Help me help my neurotic dog.
June 21, 2010 6:36 AM   Subscribe

After 5 years of the same routine, my neurotic dog still has not adjusted. How do I teach her to be patient?

Sorry if this is a long explanation. My husband and I have 3 dogs - a lab mix and a Weimaraner (aka little puppies), plus a Great Dane (big dog). Several years ago the lab mix and the big dog decided they don't like each other any more, and so the little puppies and the big dog are kept separate with a complicated gating and switching situation. We've managed to make this work and keep everyone happy and well loved for several years now.

At night, the little puppies sleep in a crate in our room, and the big dog sleeps on a mat on the floor. Keeping a Great Dane-sized crate in our room isn't really an option, and neither is locking any of the dogs out of the room.

In the morning when I wake up I take the big dog downstairs, let her out to do her business, and then feed her. She's pretty quick about it and then just wants to go lay back down. So I take her back up and switch them out, and the little puppies come downstairs, eat, and then spend some time in the back yard.

The Weimaraner was abused in her previous life, and has some issues, but she has gotten much better in the time that she's been with us. However, she freaks out about food and eats like she hasn't eaten in months every time we feed her. The issue is that when I go downstairs to feed the big dog in the morning, the Weimaraner flips out and makes noises like she's dying. Anyone passing by has to think we are kicking/beating the poor dog. This has been going on every single morning for about 5 years, and the routine never changes. By the time I get back upstairs she has usually calmed down, so she is never let out of the crate while she's still making noise.

We are hoping to move to a quieter neighborhood soon and would rather not piss off the new neighbors with loud yelping every morning. So how do I get through to this dog that she will get to eat in 5 minutes, just like she has every morning for 5 years?
posted by thejanna to Pets & Animals (7 answers total)
 
Weimaraner's perspective: "Ever since I started flipping out and wailing for five minutes every morning, I get fed regularly. This wailing technique works, and as traumatized as I am by past abuse issues, I'm never going to stop doing what works so well!"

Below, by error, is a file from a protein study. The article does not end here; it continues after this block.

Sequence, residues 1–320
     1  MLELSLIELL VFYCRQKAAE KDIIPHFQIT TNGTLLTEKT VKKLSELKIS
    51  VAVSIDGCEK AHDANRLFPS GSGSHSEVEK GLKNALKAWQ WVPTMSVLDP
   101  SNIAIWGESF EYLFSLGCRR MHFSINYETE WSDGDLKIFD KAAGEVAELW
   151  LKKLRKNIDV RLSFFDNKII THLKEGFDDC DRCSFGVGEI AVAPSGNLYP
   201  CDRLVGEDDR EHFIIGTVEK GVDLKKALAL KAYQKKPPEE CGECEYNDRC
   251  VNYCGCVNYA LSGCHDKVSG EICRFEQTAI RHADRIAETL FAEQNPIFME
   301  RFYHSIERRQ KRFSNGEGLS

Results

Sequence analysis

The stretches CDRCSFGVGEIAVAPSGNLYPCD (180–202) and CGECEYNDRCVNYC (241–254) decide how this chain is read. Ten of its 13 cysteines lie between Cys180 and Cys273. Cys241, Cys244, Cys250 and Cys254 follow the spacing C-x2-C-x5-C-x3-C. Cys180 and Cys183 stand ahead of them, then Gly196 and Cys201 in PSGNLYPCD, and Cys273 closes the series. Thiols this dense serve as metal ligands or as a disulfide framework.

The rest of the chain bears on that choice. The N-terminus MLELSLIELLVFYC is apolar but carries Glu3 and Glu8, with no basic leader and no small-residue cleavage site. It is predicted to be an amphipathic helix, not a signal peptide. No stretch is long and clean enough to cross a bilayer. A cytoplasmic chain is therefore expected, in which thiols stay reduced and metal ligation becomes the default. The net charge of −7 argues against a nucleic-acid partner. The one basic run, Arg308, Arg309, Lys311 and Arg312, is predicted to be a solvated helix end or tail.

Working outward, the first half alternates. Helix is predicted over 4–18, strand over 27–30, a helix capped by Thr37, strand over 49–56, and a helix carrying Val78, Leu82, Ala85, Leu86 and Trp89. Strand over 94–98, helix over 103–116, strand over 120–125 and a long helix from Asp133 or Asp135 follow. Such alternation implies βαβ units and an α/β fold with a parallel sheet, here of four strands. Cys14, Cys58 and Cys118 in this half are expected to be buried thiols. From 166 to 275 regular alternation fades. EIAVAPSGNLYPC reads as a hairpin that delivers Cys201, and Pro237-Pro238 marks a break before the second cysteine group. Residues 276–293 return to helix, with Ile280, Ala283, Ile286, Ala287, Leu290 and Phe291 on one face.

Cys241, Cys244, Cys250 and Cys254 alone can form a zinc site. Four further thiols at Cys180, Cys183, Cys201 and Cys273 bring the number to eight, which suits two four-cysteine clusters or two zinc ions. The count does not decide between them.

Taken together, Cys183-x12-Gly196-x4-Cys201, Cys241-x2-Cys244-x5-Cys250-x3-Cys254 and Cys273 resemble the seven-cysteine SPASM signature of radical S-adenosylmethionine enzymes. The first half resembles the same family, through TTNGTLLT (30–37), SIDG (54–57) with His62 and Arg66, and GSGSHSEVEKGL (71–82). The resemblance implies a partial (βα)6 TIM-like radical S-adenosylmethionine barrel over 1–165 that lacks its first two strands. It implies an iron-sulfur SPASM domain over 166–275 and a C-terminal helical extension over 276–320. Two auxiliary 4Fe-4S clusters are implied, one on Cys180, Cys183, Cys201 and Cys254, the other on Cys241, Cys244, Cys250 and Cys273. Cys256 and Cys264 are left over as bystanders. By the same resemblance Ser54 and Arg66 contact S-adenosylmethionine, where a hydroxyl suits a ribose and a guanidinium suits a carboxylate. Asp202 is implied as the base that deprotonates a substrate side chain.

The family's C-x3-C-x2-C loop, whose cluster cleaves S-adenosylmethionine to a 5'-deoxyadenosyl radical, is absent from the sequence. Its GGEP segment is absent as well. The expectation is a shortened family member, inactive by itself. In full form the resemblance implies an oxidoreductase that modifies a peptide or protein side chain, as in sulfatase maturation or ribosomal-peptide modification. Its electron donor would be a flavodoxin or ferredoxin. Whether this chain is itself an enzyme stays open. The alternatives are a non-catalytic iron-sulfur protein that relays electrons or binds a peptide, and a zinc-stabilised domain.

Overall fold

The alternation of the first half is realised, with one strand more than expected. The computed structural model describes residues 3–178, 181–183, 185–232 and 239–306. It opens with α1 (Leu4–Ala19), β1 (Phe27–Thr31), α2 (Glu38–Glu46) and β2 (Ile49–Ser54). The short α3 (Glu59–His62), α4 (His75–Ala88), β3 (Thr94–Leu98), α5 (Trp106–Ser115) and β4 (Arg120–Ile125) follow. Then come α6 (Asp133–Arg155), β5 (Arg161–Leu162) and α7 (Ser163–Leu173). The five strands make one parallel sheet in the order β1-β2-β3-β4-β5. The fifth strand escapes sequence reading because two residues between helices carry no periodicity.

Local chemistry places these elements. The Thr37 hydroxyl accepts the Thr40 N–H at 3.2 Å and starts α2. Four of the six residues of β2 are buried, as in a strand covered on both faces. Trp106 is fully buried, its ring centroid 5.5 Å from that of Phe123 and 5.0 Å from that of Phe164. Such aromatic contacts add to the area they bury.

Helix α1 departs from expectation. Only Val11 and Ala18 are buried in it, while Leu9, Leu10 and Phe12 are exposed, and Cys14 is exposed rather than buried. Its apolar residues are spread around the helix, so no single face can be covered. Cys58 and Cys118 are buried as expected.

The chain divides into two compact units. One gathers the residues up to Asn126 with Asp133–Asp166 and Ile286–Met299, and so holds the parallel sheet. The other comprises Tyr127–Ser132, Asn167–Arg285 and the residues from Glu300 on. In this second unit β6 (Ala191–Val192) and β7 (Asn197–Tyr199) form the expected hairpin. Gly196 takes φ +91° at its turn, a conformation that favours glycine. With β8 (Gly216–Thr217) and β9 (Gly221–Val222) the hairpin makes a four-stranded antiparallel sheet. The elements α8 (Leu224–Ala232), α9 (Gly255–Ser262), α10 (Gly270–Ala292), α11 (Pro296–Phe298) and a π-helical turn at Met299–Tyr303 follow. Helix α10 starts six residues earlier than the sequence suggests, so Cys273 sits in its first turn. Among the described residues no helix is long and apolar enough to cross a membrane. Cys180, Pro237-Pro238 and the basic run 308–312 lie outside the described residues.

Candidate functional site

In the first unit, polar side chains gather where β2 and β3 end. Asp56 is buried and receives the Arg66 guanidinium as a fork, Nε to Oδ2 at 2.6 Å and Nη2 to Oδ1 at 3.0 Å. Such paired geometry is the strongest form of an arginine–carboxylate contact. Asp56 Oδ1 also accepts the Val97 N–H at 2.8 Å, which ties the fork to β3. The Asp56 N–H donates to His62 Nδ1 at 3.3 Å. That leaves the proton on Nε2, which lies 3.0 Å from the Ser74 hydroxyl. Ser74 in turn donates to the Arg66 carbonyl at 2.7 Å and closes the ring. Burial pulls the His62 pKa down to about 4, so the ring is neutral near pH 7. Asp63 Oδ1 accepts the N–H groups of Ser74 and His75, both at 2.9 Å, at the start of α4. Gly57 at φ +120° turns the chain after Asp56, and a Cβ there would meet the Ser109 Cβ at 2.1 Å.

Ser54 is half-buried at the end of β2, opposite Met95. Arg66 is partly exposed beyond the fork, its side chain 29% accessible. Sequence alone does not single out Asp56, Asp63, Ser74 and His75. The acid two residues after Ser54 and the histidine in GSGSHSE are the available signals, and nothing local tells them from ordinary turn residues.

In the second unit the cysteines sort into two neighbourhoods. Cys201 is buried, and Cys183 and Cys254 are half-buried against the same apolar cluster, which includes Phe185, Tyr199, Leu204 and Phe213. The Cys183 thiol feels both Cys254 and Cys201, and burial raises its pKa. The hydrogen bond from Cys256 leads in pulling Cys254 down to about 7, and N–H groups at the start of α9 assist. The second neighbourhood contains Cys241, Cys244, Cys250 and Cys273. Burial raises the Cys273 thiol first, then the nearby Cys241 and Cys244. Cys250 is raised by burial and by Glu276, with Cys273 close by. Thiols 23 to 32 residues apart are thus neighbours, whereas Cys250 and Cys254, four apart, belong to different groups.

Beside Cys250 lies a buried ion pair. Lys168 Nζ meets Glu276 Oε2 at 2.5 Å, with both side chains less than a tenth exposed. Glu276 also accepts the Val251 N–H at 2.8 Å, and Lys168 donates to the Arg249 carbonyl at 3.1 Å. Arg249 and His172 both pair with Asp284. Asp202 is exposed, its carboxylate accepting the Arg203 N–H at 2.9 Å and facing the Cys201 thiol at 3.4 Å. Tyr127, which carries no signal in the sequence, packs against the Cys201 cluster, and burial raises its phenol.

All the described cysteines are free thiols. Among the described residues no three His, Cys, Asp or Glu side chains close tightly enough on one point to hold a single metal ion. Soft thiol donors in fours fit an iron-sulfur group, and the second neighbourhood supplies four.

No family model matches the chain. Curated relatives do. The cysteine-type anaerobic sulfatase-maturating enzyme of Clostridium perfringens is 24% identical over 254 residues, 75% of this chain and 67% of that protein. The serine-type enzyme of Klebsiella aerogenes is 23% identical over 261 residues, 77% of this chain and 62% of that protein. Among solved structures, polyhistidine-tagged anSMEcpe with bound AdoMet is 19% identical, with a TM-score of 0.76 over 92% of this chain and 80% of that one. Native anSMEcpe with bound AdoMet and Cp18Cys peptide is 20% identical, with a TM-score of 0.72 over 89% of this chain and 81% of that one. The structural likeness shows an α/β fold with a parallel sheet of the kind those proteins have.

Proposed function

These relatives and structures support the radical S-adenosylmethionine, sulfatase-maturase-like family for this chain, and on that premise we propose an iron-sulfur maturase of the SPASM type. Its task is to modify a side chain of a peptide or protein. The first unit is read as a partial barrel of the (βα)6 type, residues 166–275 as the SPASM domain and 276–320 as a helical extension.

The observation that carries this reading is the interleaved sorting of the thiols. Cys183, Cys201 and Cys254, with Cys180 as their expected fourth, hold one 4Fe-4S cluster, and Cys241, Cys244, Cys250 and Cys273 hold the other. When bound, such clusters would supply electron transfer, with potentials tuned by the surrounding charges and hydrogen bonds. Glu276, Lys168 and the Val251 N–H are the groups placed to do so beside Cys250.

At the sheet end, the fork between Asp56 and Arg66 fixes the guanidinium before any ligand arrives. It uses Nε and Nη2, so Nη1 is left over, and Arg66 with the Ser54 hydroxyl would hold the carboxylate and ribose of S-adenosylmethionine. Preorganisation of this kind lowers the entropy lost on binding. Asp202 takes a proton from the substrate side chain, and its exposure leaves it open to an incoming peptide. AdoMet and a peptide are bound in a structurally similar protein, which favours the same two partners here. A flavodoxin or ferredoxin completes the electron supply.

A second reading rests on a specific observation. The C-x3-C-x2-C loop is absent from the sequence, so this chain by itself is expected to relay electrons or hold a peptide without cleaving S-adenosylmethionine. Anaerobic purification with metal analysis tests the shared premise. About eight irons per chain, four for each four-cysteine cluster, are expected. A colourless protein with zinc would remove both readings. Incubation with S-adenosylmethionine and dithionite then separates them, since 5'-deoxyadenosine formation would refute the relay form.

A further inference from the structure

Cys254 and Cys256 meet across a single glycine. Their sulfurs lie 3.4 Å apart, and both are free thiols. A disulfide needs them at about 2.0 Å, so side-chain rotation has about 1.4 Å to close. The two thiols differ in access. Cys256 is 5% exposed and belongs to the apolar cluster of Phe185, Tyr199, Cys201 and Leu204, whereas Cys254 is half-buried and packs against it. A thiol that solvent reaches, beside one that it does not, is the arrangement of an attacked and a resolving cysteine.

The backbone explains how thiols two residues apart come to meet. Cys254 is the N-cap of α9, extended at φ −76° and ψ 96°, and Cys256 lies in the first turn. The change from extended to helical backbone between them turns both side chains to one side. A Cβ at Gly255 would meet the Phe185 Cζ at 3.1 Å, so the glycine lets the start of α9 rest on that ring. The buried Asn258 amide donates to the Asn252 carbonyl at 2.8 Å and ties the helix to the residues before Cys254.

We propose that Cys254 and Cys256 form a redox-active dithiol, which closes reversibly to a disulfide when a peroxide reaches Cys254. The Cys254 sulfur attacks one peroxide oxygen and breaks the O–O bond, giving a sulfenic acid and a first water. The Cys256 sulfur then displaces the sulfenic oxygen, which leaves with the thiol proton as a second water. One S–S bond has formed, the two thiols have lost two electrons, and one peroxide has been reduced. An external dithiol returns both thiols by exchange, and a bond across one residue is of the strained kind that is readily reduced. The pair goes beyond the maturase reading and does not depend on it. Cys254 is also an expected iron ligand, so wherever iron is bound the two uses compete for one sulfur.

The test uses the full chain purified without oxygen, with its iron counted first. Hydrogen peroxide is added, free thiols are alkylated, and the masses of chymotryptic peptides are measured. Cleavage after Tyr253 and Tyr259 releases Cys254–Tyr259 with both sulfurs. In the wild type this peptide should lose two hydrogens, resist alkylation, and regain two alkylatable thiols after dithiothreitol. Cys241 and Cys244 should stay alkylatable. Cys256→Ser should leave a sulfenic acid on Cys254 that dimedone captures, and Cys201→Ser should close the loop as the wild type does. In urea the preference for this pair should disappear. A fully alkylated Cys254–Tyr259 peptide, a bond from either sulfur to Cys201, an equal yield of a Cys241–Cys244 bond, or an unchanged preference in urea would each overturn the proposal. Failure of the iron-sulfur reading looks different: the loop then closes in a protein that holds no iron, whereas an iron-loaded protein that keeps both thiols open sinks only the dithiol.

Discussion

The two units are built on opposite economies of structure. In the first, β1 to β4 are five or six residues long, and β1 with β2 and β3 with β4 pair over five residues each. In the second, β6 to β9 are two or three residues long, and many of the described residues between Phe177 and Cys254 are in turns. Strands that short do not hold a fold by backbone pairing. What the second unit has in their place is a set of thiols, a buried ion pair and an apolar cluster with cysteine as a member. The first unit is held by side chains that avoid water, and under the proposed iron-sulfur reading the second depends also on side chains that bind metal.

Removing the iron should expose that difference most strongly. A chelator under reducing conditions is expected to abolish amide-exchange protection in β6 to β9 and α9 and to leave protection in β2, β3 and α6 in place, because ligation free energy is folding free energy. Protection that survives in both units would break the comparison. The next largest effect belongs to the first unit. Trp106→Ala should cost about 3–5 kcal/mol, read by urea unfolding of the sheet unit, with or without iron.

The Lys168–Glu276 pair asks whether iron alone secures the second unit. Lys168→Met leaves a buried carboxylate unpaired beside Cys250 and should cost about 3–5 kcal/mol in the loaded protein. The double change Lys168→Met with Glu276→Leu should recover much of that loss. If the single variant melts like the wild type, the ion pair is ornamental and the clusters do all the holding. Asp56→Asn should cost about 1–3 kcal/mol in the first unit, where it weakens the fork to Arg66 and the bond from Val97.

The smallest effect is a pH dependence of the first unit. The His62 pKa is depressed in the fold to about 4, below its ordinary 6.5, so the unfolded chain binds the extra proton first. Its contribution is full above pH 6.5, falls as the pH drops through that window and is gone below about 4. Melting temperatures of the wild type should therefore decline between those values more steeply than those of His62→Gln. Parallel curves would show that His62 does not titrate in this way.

posted by orthogonality at 6:50 AM on June 21, 2010 [3 favorites]


Can you feed the Weimaraner/little puppies first so she has nothing to freak out about?
posted by cestmoi15 at 7:26 AM on June 21, 2010


Are the Weimaraner and the lab mix in separate crates? I was thinking put just a few pieces of food in for the little ones while you take out the big one, then proceed as usual - but that might not be a good idea if the littles are in together.
posted by mrs. taters at 7:39 AM on June 21, 2010


One of our dogs does a similar thing. The only thing that has worked for us, is to distract him by making him perform some obedience tricks or catching his attention with a milk bone if he is really out of control. He doesn't get the milk bone unless he is completely quiet and calm. He also doesn't get the milk bone until whatever is causing him to freak out has passed. So he must remain calm for the duration, if he does this he is petted and verbally rewarded and then finally he gets the bone. The obedience trick works like this- I catch his attention and repeat different commands such as sit, stand, lie down, come here. When he starts to get distracted and wants to howl, cry, yelp, I call his name and give him a command, if he obeys, he gets verbal rewards and scratching, petting rewards.
It has helped and has greatly diminished his screaming yelping freak outs.
Is it possible for you or your SO to stay in the room with the screaming puppy while the other one of you walks Great Dane and try some of these techniques?
posted by citizngkar at 7:54 AM on June 21, 2010 [1 favorite]


Our rescue beagle was a neurotic mess. The only thing that's helped him is obedience training. Like what citizngkar said, having the dog focus on his own good behavior, and a positive reward from that, distracts him from his neuroses. Unlike a specific behavior for a specific problem behavior (the morning crate routine) we found that a regular routine of training for all his behaviors throughout the day makes him feel safer. Then a specific bad behavior can be addressed also.

We started our pooch at PetSmarts training class but he was too neurotic for a class and we ended up converting the payment to one on one trainer sessions. The trainer taught both my son and I to train the dog at home. I think we did about 5 total lessons with her over 6 or so months. The dog is miles better now and he actually loves training. Like a kid, it gives him all kinds of positive attention.

If you don't have the time or money for that, there are clicker training/ positive reinforcement dog training videos on YouTube and elsewhere. Do your research and commit to it. It's work but it has a huge payoff.
posted by toastedbeagle at 8:29 AM on June 21, 2010


I think citisngkar has a good plan - make the husband get up and entertain the little puppies with some training and treats. That has to be more effective than staying in bed and shushing her from across the room. I'm not sure why we didn't think of that before.

She has had some basic obedience, but it might be time to revisit some of that as well.
posted by thejanna at 12:07 PM on June 21, 2010


Having multiple dogs, with multiple issues, may be rough on the dogs. You might want to consider finding somebody a loving home where they could be the beloved Only Dog.
posted by theora55 at 1:07 PM on June 21, 2010


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